Parking, even for a few hours, is a very serious problem in high-density areas, particularly urban areas and towns where tourism is a major draw.  Except for some unusually small van-based RVs you can't park in any parking ramp.  Even with the Cayo (truck camper) it was difficult to find large enough spaces in surface lots with paid parking.  We never took either RV to Key West but that would be an example of the sort of area where parking just to go to a museum or restaurant would be problematic.  With the Airstream parking within walking distance of Minneapolis or St. Paul was impossible, even for a few minutes during off-peak times, because city ordinance prohibits on-street parking of vehicles that will not fit into a single marked stall and the private surface lots don't allow trailers as a matter of policy.

Consider storage before you purchase.  If you own a house, you may find that your municipality disallows or limits RV parking even on your own land.  Where I live there is a 25' length limit that is sporadically enforced.  Other nearby communities limit parking to 14 days a year or require parking on a concrete/asphalt surface on a side yard.  Some nearby communities specifically prohibit installing any sort of wastewater disposal connection on a residential lot.  I have encountered commercial storage lots that accept boats but not RVs.  Storage situations may change; I had free storage for six years and then the situation changed and I had to pay $800 a year for a space at a commercial storage yard that was 30 miles away (again, many areas zone against them).  My Airstream was damaged by sloppy parking of a nearby RV; this isn't unusual.

There is a certain amount of effort involved in housekeeping.  After a 3-10 day trip it typically took us a day to wash clothes and linens, vacuum, restock nonperishable food items, and generally straighten up.  We did not find maintenance and repair to involve significant time or cost (except for the initial "projecting" on the Cayo, which mostly involved fixing leaks).   The fridge on the Airstream was failing by the time we sold it, and we had previously had problems with the air conditioning that required professional intervention.  That was pretty much it except for batteries, hoses, and other really minor stuff.

We still have jobs and ultimately reached the point where we felt that we had made all the visits we wanted to RV-friendly destinations within reasonable driving distance for a weeklong vacation.  As we started to pivot to boating-oriented trips as well as more distant locations we decided it was time to move on.  The rise of AirBnB and vrbo were also factors in our decision.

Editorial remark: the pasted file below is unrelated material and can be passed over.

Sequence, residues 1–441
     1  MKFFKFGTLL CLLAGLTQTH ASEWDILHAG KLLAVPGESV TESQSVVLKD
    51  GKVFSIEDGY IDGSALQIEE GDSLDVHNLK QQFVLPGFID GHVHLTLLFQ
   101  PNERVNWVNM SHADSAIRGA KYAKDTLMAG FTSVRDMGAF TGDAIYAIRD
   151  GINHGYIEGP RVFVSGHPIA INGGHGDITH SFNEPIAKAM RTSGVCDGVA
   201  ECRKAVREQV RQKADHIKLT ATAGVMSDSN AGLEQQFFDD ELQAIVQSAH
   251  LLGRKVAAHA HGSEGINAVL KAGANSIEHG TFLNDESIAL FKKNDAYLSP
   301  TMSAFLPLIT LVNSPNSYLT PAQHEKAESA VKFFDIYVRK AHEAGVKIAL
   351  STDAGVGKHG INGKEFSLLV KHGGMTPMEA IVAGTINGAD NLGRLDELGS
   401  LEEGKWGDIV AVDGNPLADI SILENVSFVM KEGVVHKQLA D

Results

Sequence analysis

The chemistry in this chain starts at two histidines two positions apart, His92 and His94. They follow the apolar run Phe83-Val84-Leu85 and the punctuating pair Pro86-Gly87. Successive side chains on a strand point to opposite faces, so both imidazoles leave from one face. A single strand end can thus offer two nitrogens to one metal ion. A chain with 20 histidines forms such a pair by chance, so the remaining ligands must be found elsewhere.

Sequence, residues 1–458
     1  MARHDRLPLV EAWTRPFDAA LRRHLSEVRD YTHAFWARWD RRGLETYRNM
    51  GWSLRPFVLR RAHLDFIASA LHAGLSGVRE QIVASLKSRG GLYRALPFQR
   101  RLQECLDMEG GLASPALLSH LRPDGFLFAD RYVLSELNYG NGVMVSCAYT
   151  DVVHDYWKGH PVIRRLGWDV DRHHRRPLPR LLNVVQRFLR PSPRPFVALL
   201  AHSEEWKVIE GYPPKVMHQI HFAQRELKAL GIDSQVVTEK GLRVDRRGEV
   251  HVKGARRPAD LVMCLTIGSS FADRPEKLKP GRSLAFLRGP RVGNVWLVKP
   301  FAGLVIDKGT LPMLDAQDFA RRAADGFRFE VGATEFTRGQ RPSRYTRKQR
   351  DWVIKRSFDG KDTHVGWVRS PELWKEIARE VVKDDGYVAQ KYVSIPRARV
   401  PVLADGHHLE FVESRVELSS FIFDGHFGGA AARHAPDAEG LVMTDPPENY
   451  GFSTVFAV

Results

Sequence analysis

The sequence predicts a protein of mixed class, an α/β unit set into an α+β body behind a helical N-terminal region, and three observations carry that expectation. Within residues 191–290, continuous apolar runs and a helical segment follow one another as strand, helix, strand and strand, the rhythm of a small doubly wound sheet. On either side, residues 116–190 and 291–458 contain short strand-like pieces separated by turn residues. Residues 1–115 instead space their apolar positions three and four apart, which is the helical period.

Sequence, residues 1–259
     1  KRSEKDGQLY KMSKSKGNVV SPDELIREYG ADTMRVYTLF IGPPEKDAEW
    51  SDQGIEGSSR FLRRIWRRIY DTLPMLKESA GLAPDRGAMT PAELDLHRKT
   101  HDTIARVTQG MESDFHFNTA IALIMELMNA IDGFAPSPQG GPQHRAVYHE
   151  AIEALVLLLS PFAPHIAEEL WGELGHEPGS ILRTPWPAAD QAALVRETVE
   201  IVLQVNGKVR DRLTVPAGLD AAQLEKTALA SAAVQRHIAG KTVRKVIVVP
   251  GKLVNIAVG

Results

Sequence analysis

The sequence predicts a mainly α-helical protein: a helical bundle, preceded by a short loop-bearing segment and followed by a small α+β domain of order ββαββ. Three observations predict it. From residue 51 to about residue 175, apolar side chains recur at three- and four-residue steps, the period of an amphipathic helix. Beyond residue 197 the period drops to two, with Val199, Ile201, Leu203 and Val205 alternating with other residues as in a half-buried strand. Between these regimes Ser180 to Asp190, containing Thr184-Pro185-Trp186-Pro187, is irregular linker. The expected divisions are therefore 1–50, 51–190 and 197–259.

I would do it again if we were able to travel longer distances or had a new set of local destinations to explore.

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In my pre-homeowner days (i.e. when I still had "free" time) I used to keep some camping gear and a change of clothes in a box in the 4runner. Theoretically, I could take off at a moments notice.  Or just not go home from a day trip, if things were going well.

About 25 years ago, I restored a 1950's "canned ham" trailer for a vacation.  I found a lot of places wouldn't allow any RV more than 20 years old (sometimes 10!).  Of course, now it's a "classic" and in high demand.  Prolly just sell it as part of general liquidation.  It doesn't tow very easily on the highway, and as mentioned above, parking is a pain.  Alternatively, I could make my utility trailer into a low-profile camper that matches the Jeep and still be able to load kayaks, bikes, etc. on top.  But it's still a trailer. 

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VW Syncro - a 4WD VW campervan.  A bit of an adventure.  Gets us anywhere we want to go.  Fairly reliable if you stay on top of maintenance - our is 1987 or 35 years old.   Comfortable sleeping.  Propane furnace.  Stove and a modern 12V fridge.  Bike rack on the back.  We enjoy it for a few weeks in spring and fall.  Summer is too busy in parks - and that's when we sail!